My MongoDB Career Journey began almost 4 years ago, and I’ve enjoyed my time as a Technical Services Engineer immensely. During my tenure as part of the organization I had the opportunity to work with a number of high profile clients on some extremely challenging scenarios. These gave me a chance to write about some interesting aspects of the product such as FTDC internals, change stream resume performance, the impact of retryable writes on the oplog and replica set priority takeover mechanics.
While I advanced from a TSE to a Senior TSE and finally a Lead TSE I had the opportunity to contribute back to the core server and related products by adding tickets to the backlog. These were predominantly identified via reproductions initiated as a result of a customer-facing issue, and gave me a great deal of personal satisfaction to report. For anyone interested in the types of issues we can help identify, among the 100+ product tickets I’ve opened in this time some of the most interesting were:
- SERVER-36870: Replication fails if server date exceeds January 19th, 2038
$regexFindcrash when one of the capture group doesn’t match the input but pattern matches
collStatswill fail if resulting BSON size > 16MB
- SERVER-57851: Optimize
mongosto CSRS PRIMARY for Authz User Role resolution
- SERVER-59754: Incorrect logging of
planCacheKeyfor operations that share the same
collModcommand not sent to all shards for a sharded collection if no chunks have been received
If the type of digital detective work that goes into finding and reporting these types of issues is appealing to you then Technical Services is always on the lookout for new engineers ;) Have a look at the available opportunities in your region and tell them Alex sent you :)
As much as I’ve loved my time in Technical Services, as of July 5th my journey moves in a different direction as I step into a new role as Product Manager, Developer Experience focusing on the Ruby Driver and Ruby Language Ecosystem.
First of all, what is a Product Manager? According to Atlassian, a product manager is the person who identifies the customer need and the larger business objectives that a product or feature will fulfill, articulates what success looks like for a product, and rallies a team to turn that vision into a reality.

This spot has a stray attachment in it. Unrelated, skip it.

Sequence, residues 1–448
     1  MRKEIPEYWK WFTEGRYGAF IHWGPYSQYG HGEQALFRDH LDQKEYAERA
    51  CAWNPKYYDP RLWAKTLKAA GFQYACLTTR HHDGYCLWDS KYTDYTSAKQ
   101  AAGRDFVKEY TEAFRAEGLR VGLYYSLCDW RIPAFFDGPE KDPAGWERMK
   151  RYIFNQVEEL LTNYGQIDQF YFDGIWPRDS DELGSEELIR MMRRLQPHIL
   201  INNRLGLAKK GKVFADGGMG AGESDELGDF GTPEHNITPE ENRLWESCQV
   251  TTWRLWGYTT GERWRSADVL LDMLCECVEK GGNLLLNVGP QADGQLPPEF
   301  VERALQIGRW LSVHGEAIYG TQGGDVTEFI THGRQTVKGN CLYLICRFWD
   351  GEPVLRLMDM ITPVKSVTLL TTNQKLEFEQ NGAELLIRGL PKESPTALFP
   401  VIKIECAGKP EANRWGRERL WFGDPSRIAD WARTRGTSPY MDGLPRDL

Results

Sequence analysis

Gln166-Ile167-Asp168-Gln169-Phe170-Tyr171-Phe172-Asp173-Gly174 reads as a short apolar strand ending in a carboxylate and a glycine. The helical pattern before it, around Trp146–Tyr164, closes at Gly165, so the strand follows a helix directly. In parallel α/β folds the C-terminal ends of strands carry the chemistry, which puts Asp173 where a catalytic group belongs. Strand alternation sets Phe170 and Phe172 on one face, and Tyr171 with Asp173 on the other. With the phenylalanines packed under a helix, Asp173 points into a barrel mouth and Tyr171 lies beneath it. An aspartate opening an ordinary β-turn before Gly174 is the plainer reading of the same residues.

Since this isn’t another engineering role I will be stepping out of my comfort zone, but feel I am extremely well positioned internally at MongoDB to be successful with a role that advocates for Ruby developers! Since joining the Technical Services team in 2018 I quickly began focusing on MongoDB Drivers focused cases, especially the MongoDB Ruby Driver and the Mongoid ODM.
I’ve been working as a Ruby developer for more than a decade at this point, both as a Software Engineer building commercial applications and as a Technical Services Engineer helping MongoDB customers address production issues within their solutions. Heck, I’ve even written a book covering plugin development for a Ruby on Rails based project management suite.
I fell in love with the language and found it adopted and incorporated a lot of the best practices, ideas and design patterns of other languages. My feelings towards the language and community somewhat echo what Matz (the author of the Ruby language) stated more succinctly in The Ruby Programming Language:
Throughout the development of the Ruby language, I’ve focused my energies on making programming faster and easier. All features in Ruby, including object-oriented features, are designed to work as ordinary programmers (e.g., me) expect them to work. Most programmers feel it is elegant, easy to use, and a pleasure to program.
Ruby is designed to make programmers happy.
This new role really feels like the culmination of a much longer journey that began when I started getting my feet wet with MongoDB in 2012, learned about Ruby drivers for MongoDB and was actively troubleshooting Mongoid issues as early as 2014.
My love of Ruby and my love of MongoDB should help give me a leg up in this new role, however the real work now begins! My focus will be to help drive adoption of MongoDB within the Ruby developer community, though how I can move the needle here remains to be seen.
I plan on sharing a lot more as this journey continues and I welcome any feedback you may have along the way.